Technological innovation has the potential to make the world more accessible, with devices such as hands-free mice, one-handed keyboards, screen readers and voice search making it easier for those with disabilities to carry out their jobs and bridge barriers in communication.

This trend has extended to smart home technology, which has the potential to assist those with disabilities or additional needs, enabling them to carry out everyday tasks more easily.

However, for some, the rapid development of technology risks presenting a barrier rather than an opportunity. Those with non-standard speech, which can be caused by neurologic conditions such as strokes, ALS, multiple sclerosis, traumatic brain injuries and Parkinson's, may face barriers when it comes to interacting with such devices.

Therefore, a number of organisations are working towards developing the next generation of accessible technology, powered by AI.

Accessibility and speech recognition:  Inclusivity by design

According to Juniper Research, the use of digital voice assistants is expected to triple to eight billion by 2023, with smart home devices such as smart TVs, smart speakers and wearables.

Hector Minto, Accessibility Lead for Microsoft EMEA, told Verdict that it is essential that technological advances have accessibility at their heart:

“There’s an opportunity to more inclusively design when you recognise the people that are excluded from technology as it stands today.”

“As people move to the cloud and as people start to involve AI, there’s a huge opportunity to make sure that technology is more routinely inclusive because, if you think about AI as technology that can hear, can see, can think, can speak, and then frame that around disability, it offers a huge amount.”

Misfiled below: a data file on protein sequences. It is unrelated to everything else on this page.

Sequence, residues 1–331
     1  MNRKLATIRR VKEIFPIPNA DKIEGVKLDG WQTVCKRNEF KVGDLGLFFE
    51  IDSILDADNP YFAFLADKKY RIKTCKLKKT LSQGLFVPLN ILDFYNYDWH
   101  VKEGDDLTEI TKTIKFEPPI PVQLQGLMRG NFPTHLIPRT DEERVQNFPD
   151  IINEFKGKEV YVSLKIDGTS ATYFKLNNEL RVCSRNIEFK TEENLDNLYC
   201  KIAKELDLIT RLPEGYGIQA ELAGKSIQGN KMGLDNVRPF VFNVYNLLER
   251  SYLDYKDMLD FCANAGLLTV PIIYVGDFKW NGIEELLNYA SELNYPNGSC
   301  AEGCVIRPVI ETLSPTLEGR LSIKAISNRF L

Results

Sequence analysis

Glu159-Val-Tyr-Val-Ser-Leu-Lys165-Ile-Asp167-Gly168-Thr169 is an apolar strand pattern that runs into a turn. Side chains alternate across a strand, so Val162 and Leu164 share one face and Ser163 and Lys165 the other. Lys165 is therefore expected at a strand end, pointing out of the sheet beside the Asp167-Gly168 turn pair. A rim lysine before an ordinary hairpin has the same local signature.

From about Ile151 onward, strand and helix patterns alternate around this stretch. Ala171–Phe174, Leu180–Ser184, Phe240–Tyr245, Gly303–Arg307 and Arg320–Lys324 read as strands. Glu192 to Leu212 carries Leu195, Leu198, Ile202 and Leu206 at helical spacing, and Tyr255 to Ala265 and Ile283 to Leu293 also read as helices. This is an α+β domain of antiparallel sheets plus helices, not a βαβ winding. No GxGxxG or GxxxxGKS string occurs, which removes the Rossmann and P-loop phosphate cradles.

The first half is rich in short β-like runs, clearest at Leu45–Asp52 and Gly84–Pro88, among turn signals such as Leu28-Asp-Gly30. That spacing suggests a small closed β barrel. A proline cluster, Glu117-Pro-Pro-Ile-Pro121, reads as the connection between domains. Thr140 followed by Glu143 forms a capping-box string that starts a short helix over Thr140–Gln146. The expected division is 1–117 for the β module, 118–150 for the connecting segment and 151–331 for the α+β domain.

“There’s an opportunity to more inclusively design when you recognise the people that are excluded from technology as it stands today.”

One organisation working to make speech technology more universally accessible is Google. The company has developed Project Euphonia to make voice technology more accessible.

Euphonia performs speech-to-text transcription and is trained using a personalised speech dataset from those with non-standard speech, particularly those with ALS.

Automatic speech recognition systems are typically trained using standard speech, meaning that certain groups may be underrepresented if they are not included in the datasets it is trained on, but if they are trained to recognise individuals’ speech, barriers of communication with both people and voice assistants can be broken down.

Breaking down communication barriers

Research scientist Dimitri Kanevsky has played a key role in Google’s advances in accessible speech recognition. Kanevsky lost his hearing at the age of one, and has been in the speech recognition field for thirty years. He explained that his work stems from difficulties in communicating he faced earlier in his career:

“I lipread well in Russian…but it became a big problem in America. They had no transcription services so it was very difficult to communicate. [When I was working] at IBM, I developed the first communication access real-time translation (CART) services in the world over the internet.